Now that a court has had the opportunity to scrutinise an RRT decision and to find it inconsistent with the subsequent High Court decision in Khawar, I cannot see that anything is to be gained by any party, including the minister, proceeding with an appeal to the Full Federal Court. The only conceivable gain to the government would be if an alternative outcome were to be obtained by upholding the original RRT decision and reasoning without the benefit of the High Court's guidance in Khawar. But that would be a travesty of justice highlighting the injustice of the outcome.

And yet the Minister has constantly told Parliament and the public that he is more concerned with a just outcome in a particular case rather than elaborate and legalistic appeal points. I would have thought this an appropriate case for prompt determination by the RRT rather than further Federal Court litigation with the prospect that the matter will be eventually returned to the RRT in any event.

The government has a medical report indicating that after the minister lodged his appeal, the Iranian applicant "made a serious attempt to kill herself by cutting a vein in her arm. This was in the context of now wanting her son to be fostered out to an Australian family and she thought that if she died that this is what would happen to him." The psychiatrist has observed, "Her determination to find a way of getting her son out of the Detention Centre is strong and in this context, she is quite capable of further significant acting out behaviour and is ultimately at serious risk of suicide." Her statements to me on my last visit to Woomera last week are consistent with this prognosis. The government's lodgment of full Federal Court appeal thereby postponing or avoiding the RRT deciding her case consistent with the High Court decision in Khawar, as modified if at all by later legislation, can only add to her anxiety and desperation. The human cost is too high.

The word games about deterrence and migration detention have become complex. Ten years ago, the High Court of Australia said migration detention without a court order or court supervision was permissible only if it were necessary for health, security, visa processing or removal. Otherwise it would be punitive and a deterrent, unconstitutional and unlawful unless subject to an exercise of judicial power. If the government has its way, Iraqis and Palestinians who have been rejected, who have no third country in which they have residence rights, and who cannot return home are to be held in open-ended, judicially unreviewable detention for years. In the case of the Iraqis, their detention at our hands will be extended interminably should we decide to bomb their country.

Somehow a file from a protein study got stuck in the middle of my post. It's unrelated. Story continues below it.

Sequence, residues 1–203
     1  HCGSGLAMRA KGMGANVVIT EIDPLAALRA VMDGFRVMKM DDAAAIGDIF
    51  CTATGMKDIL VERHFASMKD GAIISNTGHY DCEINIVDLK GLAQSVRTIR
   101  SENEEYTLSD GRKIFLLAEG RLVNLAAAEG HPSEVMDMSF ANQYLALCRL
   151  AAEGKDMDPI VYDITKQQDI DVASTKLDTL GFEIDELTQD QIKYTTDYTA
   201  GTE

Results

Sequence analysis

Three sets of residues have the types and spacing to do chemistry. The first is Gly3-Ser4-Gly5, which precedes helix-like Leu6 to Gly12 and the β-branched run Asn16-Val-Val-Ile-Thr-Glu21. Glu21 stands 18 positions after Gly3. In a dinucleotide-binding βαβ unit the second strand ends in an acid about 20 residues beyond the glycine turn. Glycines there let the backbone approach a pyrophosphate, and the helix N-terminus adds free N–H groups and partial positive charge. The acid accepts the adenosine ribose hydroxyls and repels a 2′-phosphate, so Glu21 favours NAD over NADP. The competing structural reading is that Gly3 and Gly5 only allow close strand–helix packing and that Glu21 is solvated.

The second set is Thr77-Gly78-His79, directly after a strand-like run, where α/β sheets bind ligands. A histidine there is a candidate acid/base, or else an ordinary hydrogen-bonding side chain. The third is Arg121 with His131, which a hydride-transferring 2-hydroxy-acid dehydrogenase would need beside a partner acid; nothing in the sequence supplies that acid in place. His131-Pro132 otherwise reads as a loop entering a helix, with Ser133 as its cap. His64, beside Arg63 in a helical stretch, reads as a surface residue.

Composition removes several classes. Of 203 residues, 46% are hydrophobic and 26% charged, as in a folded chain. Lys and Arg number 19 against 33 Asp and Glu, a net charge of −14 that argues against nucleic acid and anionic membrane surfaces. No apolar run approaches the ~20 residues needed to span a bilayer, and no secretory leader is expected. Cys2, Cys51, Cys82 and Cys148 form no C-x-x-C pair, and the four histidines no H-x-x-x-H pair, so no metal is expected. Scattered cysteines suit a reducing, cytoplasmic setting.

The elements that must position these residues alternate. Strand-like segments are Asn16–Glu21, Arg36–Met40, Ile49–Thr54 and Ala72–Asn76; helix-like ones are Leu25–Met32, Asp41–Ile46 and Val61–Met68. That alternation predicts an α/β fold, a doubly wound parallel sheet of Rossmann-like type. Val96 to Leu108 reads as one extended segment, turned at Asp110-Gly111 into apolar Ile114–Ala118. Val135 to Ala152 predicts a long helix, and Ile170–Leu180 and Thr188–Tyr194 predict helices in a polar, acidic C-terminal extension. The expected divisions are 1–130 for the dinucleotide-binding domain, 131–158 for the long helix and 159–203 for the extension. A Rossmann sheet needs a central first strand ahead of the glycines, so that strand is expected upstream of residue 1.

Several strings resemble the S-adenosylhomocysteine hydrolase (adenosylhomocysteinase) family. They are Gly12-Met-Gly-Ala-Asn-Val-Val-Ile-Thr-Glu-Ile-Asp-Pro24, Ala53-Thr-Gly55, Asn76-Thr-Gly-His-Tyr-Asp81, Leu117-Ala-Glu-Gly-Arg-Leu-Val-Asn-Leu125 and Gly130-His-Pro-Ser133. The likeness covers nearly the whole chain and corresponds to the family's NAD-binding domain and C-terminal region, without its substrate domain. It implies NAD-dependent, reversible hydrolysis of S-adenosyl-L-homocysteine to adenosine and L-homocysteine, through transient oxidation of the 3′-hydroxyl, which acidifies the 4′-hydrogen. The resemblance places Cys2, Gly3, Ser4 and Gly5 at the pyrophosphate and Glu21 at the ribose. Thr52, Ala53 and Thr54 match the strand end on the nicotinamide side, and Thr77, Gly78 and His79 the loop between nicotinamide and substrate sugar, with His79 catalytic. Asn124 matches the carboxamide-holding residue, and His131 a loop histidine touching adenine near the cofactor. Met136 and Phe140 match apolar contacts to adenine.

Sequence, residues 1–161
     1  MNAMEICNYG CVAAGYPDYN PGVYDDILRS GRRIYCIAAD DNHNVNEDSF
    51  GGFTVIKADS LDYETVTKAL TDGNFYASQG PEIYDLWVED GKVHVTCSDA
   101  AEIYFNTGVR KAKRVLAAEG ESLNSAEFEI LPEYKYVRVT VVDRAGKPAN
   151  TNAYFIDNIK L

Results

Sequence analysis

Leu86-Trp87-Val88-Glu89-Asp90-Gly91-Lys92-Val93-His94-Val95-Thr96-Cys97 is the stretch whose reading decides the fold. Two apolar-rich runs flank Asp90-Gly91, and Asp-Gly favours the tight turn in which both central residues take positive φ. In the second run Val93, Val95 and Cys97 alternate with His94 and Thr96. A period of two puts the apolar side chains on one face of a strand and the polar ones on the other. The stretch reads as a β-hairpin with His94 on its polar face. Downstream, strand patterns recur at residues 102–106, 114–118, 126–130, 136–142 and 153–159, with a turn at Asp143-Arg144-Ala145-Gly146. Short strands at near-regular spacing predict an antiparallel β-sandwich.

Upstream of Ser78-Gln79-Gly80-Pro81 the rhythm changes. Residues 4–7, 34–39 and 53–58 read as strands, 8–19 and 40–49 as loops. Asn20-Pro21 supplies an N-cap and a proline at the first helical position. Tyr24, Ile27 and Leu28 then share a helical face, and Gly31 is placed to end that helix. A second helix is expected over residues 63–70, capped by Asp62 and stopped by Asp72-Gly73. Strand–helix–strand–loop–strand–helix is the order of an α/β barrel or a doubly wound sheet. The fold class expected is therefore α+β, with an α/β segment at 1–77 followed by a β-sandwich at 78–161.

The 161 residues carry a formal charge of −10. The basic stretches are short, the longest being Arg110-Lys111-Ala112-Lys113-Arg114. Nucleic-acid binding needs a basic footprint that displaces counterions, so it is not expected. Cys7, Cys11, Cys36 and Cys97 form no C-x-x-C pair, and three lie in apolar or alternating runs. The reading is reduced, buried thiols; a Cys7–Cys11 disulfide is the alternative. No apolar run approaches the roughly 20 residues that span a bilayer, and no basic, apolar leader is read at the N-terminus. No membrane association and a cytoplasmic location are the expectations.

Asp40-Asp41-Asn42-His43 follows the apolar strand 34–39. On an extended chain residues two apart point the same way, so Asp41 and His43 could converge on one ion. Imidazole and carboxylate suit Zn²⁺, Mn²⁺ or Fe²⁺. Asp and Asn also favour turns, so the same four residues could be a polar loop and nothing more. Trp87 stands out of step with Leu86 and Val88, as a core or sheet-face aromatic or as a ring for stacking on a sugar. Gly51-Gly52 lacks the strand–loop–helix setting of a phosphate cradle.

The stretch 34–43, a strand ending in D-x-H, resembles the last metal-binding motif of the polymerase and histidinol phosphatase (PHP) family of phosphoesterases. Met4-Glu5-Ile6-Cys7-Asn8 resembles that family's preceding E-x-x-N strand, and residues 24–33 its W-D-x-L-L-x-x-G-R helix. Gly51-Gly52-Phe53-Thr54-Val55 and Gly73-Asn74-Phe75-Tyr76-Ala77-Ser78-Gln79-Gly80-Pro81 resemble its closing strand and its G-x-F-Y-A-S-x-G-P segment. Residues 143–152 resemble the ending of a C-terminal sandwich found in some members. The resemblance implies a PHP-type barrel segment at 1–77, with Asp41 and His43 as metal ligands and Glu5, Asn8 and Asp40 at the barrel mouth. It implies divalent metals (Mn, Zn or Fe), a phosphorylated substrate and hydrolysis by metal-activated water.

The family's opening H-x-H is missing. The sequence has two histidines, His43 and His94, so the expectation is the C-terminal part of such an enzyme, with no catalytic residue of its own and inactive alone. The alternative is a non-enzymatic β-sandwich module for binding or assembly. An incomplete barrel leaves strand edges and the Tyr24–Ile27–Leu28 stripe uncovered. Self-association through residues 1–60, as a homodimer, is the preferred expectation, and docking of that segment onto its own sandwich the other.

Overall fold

Consider the Palestinian case of Akram who has now appealed his detention to the Federal Court seeking an order of habeas corpus. He arrived on Ashmore Reef in July 2001. In Woomera he was processed and rejected. He formally applied to be returned home. He packed his bags expecting to leave in February. On 18 February a public servant told him that he could not be moved anywhere. He went berserk understandably and smashed his right hand through a plate glass door, being hospitalised for weeks. With other Palestinians in the same situation he then wrote to Minister Ruddock in February, March, May and July 2002 saying:

We do not want to be kept in isolated detention here at Woomera indefinitely. We cannot go to any court. We are no longer being detained to assist with the processing of any claims nor to assist with our removal or deportation in the foreseeable future. We understand that we cannot be released from detention unless you issue us with some form of visa. We think it would be very unfair to be kept in prolonged detention as punishment for having come to Australia or as a deterrent to other Palestinians thinking of coming here. Afterall we have not been convicted or even charged with any criminal offence. We can see no reason for our continued detention. Please release us into the Australian community until it is possible for us to go home or to a third country.

The minister's only response has been to say on 3 June 2002:

The issue with this group is not the question on their right of return to the Palestinian Territories (they either already hold valid Palestinian National Authority travel documents) or we believe we will be able to obtain them), it is the need for approval for their overland transit through the territories of a third country. We are negotiating with three relevant countries and believe this matter is capable of resolution.

Justice Merkel has reserved his decision on the habeas corpus application by Akram. Hopefully, we will all soon have the advantage of clarity about the legality and constitutionality of long term, open ended, judicially unreviewable detention of rejectees who happen to have entered Australia in the past without a visa and who happen to be nationals of countries unable to receive back their nationals from Australia.